- Documentation shall include all relevant details, including the date on or period within which the forecasted transaction is expected to occur, the specific nature of asset or liability involved (if any), and the expected currency amount or quantity of the forecasted transaction.
- The phrase expected currency amount refers to hedges of foreign currency exchange risk and requires specification of the exact amount of foreign currency being hedged.
- The phrase expected...quantity refers to hedges of other risks and requires specification of the physical quantity (that is, the number of items or units of measure) encompassed by the hedged forecasted transaction. If a forecasted sale or purchase is being hedged for price risk, the hedged transaction cannot be specified solely in terms of expected currency amounts, nor can it be specified as a percentage of sales or purchases during a period. The current price of a forecasted transaction also should be identified to satisfy the criterion in paragraph 28(b) for offsetting cash flows.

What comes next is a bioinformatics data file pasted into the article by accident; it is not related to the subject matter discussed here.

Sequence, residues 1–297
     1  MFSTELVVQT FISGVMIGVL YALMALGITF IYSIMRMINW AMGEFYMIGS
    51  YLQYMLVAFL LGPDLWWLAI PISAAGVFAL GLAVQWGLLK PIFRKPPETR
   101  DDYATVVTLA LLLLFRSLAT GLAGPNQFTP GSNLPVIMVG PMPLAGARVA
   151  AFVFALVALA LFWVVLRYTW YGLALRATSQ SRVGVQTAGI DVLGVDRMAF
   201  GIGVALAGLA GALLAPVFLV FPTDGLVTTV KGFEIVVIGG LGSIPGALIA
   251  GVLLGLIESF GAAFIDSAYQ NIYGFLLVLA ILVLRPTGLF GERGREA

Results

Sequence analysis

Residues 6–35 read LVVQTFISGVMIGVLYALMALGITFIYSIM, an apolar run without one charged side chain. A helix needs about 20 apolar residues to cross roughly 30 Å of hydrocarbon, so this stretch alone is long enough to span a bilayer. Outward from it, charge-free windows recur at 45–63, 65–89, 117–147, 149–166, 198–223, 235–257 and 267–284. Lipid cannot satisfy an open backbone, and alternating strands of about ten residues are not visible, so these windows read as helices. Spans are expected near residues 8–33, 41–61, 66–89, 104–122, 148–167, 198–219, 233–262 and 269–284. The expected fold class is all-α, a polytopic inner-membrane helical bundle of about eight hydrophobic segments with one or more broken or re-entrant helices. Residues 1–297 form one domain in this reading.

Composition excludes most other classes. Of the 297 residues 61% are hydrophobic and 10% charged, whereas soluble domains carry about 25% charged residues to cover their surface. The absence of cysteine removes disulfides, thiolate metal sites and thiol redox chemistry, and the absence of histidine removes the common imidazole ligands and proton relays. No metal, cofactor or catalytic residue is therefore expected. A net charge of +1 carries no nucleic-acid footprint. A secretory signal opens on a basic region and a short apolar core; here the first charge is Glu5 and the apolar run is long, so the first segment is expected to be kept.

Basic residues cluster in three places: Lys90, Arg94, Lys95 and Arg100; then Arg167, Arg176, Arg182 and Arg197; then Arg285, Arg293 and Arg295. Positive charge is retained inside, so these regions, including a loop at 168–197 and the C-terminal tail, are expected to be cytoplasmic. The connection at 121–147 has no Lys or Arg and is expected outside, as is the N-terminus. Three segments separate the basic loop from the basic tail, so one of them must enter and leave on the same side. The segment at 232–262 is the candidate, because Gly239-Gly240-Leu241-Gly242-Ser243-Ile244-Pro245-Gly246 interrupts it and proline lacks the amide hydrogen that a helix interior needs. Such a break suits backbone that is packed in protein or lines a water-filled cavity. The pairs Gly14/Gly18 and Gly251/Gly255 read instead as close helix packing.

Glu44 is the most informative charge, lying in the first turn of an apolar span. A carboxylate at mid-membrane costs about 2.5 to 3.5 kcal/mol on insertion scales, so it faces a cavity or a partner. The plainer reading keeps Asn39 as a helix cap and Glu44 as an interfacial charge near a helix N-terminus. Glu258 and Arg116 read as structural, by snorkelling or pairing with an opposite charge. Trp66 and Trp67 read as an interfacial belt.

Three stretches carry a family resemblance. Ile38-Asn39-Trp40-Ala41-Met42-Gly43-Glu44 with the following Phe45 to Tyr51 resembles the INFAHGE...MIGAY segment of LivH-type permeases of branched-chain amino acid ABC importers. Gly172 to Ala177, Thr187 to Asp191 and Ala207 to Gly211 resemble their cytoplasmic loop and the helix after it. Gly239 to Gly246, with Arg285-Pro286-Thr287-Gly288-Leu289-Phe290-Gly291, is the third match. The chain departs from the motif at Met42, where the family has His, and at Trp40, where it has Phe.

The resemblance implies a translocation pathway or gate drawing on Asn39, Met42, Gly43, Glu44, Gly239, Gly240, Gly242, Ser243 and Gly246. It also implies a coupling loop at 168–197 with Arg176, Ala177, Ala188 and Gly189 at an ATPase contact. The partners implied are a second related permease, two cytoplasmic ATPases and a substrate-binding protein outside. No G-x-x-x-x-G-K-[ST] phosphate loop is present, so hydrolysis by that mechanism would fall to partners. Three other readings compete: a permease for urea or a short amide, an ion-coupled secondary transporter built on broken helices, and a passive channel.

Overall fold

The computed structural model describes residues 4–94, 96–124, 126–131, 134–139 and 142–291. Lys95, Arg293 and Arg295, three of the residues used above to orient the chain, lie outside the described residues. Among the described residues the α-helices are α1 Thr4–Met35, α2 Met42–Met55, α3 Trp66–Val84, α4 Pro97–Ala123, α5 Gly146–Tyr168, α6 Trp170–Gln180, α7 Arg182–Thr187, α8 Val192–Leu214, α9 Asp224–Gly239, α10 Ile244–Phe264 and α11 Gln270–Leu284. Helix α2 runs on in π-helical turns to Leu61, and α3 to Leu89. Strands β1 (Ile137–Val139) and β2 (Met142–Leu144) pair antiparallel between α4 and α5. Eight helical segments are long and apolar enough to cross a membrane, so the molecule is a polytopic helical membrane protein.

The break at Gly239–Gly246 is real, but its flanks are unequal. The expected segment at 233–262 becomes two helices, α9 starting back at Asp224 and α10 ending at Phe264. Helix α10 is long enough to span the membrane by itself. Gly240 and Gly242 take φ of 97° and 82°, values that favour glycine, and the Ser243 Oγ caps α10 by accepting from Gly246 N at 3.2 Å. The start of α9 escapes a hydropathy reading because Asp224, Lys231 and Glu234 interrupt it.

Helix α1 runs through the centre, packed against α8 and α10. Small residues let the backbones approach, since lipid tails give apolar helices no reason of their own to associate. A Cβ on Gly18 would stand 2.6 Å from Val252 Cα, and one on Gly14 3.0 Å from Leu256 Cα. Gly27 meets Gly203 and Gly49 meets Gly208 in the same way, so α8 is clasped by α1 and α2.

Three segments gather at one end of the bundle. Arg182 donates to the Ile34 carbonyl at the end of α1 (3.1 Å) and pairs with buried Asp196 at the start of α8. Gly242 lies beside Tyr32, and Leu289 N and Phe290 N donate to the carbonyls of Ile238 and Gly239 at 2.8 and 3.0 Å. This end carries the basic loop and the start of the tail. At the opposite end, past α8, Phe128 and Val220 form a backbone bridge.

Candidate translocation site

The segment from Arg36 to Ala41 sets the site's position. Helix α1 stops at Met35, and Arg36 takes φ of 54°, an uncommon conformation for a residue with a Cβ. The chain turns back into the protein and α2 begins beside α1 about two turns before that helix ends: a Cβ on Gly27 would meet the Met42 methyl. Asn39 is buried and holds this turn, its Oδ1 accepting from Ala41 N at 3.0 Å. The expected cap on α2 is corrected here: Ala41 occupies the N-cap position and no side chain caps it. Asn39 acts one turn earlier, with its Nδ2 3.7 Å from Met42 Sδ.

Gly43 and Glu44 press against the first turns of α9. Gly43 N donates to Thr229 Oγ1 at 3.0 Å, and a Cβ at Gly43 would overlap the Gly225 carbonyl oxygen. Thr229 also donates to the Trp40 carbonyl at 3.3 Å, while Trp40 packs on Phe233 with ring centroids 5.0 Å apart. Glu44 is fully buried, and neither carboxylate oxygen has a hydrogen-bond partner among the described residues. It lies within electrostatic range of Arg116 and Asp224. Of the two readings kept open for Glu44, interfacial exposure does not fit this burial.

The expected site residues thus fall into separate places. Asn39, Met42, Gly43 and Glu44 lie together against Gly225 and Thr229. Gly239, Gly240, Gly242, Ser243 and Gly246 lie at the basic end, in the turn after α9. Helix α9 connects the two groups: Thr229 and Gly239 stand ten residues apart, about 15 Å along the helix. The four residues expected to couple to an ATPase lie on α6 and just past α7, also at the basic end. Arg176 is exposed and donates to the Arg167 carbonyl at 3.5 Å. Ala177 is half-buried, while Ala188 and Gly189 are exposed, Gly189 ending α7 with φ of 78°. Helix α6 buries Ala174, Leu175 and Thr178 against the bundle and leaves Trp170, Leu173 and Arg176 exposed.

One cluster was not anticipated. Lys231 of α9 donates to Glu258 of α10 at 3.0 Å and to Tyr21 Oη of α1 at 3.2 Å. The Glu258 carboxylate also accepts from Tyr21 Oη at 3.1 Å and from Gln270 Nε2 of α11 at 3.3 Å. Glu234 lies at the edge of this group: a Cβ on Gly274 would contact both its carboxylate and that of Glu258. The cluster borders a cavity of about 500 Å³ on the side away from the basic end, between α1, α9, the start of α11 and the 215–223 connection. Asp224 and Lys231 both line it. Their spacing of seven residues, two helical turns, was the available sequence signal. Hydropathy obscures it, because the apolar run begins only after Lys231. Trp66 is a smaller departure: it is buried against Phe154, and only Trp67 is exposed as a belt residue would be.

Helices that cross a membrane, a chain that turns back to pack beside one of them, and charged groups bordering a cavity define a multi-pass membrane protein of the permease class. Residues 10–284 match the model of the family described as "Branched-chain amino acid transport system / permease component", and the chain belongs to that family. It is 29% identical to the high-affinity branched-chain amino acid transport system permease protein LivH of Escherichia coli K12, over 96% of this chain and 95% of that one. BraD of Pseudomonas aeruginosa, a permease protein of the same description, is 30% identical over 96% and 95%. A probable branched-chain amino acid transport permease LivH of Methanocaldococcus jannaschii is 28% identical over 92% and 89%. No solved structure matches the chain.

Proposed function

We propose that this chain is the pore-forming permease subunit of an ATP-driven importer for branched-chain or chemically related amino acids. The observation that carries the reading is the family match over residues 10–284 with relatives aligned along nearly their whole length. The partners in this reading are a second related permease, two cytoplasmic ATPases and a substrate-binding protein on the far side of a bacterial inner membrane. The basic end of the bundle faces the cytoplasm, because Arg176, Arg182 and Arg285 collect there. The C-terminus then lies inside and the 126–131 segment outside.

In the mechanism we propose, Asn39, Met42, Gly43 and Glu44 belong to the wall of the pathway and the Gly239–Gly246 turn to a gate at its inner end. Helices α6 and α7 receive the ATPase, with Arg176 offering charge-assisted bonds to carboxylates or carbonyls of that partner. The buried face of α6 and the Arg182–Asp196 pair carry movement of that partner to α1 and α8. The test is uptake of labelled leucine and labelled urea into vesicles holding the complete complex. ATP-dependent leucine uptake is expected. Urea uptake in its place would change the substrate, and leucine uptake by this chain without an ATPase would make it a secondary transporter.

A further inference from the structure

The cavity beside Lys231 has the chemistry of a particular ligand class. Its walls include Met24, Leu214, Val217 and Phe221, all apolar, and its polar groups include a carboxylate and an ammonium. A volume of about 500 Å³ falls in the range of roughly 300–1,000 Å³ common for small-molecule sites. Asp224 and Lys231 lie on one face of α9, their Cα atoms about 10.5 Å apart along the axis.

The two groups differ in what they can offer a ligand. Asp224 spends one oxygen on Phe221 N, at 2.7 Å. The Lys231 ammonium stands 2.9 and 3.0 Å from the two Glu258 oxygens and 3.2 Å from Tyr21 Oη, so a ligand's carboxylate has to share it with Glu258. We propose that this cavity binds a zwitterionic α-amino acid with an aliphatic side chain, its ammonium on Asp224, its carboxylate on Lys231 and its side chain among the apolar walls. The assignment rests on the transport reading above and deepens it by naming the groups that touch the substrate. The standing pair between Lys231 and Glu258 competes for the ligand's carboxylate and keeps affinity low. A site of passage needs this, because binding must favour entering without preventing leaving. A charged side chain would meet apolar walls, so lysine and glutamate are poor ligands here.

The hedged forecasted transaction shall be described with sufficient specificity so that when a transaction occurs, it is clear whether that transaction is or is not the hedged transaction. Thus, the forecasted transaction could be identified as the sale of either the first 15,000 units of a specific product sold during a specified 3-month period or the first 5,000 units of a specific product sold in each of 3 specific months, but it could not be identified as the sale of the last 15,000 units of that product sold during a 3-month period (because the last 15,000 units cannot be identified when they occur, but only when the period has ended).